Freshmen, HBO, ‘Raymond’ Shine at Primetime Emmys

Sep 18, 2005  •  Post A Comment

New series came out on top at the Academy of Television Arts & Sciences’ “57th Annual Primetime Emmy Awards” on Sunday, with a number of the top awards, including best drama for the ABC series “Lost,” going to freshmen.

Wins for first-year shows “Lost,” “Boston Legal” and “Desperate Housewives” helped propel ABC to a total of six Emmy wins (for a total of 16, including previously awarded trophies), the most of any broadcast network. But still-dominant HBO, with 27 awards, including seven it took home Sunday, was the biggest winner among all networks. CBS was third among the networks, with 11 Emmys (winning five Sunday).

Academy voters gave special recognition to the ninth and final season of CBS’s “Everybody Loves Raymond,” which received not only the comedy series Emmy but also awards for supporting actor in a comedy series (Brad Garrett) and supporting actress in a comedy series (Doris Roberts).

In the acting categories in drama series, all four winners won for their work on first-year shows. Patricia Arquette won for outstanding lead actress on NBC’s “Medium,” while the night’s nominee in three categories, Blythe Danner, won for outstanding supporting actress on Showtime’s “Huff.” James Spader won the lead actor in a drama series Emmy and William Shatner won for supporting actor, both for their work playing morally challenged attorneys on ABC’s “Boston Legal.” Last year Mr. Shatner and Mr. Spader won Emmys for playing the same roles on the now-canceled ABC series “The Practice.”

Freshman shows also won in the drama series writing and directing categories, with David Shore winning for outstanding writing for the pilot of Fox’s “House” and JJ Abrams winning for outstanding directing for the pilot of ABC’s “Lost.”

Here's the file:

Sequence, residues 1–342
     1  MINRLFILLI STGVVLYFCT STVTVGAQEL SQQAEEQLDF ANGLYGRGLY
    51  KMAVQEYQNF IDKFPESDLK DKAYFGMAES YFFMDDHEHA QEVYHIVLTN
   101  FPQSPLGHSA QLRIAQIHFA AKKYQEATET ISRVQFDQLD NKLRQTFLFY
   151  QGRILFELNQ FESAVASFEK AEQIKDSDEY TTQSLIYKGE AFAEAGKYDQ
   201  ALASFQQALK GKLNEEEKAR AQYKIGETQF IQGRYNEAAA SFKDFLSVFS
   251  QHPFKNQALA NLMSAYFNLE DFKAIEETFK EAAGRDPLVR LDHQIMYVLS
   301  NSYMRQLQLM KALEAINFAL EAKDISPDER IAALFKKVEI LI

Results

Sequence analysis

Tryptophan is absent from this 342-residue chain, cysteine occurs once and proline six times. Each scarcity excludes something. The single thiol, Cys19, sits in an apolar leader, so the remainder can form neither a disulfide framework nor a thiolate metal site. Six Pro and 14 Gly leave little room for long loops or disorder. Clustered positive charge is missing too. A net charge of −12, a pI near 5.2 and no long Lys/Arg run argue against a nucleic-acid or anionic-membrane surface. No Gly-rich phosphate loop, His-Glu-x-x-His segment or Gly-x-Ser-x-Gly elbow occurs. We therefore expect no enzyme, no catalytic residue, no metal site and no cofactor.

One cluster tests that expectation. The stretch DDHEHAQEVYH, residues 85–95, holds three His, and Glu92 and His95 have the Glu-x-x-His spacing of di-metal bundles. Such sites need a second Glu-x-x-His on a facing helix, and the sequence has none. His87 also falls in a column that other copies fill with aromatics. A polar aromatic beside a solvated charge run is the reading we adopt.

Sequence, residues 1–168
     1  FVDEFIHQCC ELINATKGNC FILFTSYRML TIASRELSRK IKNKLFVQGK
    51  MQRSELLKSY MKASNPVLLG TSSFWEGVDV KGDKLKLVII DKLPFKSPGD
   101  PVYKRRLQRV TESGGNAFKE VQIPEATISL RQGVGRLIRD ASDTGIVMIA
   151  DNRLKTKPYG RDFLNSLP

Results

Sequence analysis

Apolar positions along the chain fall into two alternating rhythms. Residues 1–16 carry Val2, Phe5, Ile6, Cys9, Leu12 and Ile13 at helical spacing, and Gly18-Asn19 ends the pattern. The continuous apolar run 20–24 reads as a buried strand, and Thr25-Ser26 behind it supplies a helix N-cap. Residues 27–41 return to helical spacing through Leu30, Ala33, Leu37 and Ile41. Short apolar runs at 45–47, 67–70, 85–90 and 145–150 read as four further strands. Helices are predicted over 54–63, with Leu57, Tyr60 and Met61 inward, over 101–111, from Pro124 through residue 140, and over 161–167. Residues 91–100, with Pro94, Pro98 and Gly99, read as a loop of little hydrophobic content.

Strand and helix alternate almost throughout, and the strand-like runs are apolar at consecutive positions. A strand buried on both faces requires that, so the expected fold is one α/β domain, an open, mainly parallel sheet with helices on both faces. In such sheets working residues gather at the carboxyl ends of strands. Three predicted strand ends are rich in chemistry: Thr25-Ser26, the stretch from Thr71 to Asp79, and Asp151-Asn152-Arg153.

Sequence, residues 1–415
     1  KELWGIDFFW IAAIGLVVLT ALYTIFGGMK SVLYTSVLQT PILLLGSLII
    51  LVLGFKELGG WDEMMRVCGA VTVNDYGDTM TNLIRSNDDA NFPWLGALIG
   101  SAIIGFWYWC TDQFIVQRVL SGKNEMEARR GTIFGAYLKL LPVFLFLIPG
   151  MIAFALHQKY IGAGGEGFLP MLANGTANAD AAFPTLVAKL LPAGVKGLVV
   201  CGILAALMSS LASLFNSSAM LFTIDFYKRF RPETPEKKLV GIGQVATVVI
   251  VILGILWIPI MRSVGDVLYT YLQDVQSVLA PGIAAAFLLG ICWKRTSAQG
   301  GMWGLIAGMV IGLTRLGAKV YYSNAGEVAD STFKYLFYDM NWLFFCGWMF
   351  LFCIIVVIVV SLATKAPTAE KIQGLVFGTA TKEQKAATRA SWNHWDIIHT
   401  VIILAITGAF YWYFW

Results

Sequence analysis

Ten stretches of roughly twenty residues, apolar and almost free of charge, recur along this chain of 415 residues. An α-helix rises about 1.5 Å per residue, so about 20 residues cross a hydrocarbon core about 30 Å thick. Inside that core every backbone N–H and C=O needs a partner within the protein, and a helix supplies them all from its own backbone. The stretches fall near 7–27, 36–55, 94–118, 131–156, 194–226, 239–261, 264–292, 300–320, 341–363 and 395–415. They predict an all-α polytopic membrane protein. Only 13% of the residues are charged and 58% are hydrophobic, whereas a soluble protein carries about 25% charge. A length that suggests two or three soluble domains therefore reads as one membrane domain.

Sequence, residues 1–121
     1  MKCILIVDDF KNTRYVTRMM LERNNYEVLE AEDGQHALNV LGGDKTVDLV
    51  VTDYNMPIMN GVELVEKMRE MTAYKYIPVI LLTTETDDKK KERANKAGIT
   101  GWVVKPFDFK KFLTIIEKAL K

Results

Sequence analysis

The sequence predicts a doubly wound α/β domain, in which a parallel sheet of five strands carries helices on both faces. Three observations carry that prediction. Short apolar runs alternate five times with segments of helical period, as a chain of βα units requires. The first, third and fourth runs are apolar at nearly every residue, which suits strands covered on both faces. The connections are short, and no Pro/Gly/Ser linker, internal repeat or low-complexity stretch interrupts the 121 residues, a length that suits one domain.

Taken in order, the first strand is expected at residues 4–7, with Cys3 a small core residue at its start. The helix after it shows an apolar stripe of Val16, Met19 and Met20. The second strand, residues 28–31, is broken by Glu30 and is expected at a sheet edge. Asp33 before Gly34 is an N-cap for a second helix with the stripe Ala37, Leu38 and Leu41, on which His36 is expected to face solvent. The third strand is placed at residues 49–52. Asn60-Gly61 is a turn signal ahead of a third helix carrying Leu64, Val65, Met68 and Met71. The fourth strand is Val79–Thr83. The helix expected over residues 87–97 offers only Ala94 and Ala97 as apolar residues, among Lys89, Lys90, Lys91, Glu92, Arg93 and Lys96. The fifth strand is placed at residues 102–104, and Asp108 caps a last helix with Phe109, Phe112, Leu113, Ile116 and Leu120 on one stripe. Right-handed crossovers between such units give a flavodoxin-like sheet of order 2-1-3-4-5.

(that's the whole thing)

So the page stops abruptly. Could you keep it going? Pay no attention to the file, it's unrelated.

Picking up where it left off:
In the comedy series categories, Charles McDougall won for directing the pilot of ABC’s rookie “Desperate Housewives,” while Fox’s “Arrested Development” picked up its second writing win in two years, with Emmys going to executive producer Mitch Hurwitz and writer Jim Vallely.

In the comedy series acting categories, repeat winners dominated. Besides wins for Mr. Garrett and Ms. Roberts, Tony Shalhoub won his second lead actor Emmy for his role in USA’s “Monk.” First-time nominee Felicity Huffman beat out two of her co-stars to win in the lead actress in a comedy category for ABC’s “Desperate Housewives.”

HBO owned the acting in a miniseries or a movie categories. Paul Newman won the supporting actor Emmy for HBO’s adaptation of the novel “Empire Falls,” while Jane Alexander won for playing Sara Roosevelt, the mother of Franklin Delano Roosevelt, in “Warm Springs.” Thirty years ago Ms. Alexander won an Emmy for playing first lady Eleanor Roosevelt.

The Emmy for lead actor in a miniseries or movie went to Geoffrey Rush in the title role of “The Life and Death of Peter Sellers,” and the lead actress in a miniseries or movie Emmy went to S. Epatha Merkerson for her work in the TV adaptation of “Lackawanna Blues.”

“Warm Springs” won for outstanding made-for-television movie, and “Peter Sellers” took the prizes in both the writing and directing categories for outstanding miniseries, movie or a dramatic special.

Comedy Central’s “The Daily Show With Jon Stewart” won for outstanding variety, music or comedy series, while CBS’s “The Amazing Race” took the Emmy for outstanding reality/competition program.

The awards program was telecast on CBS.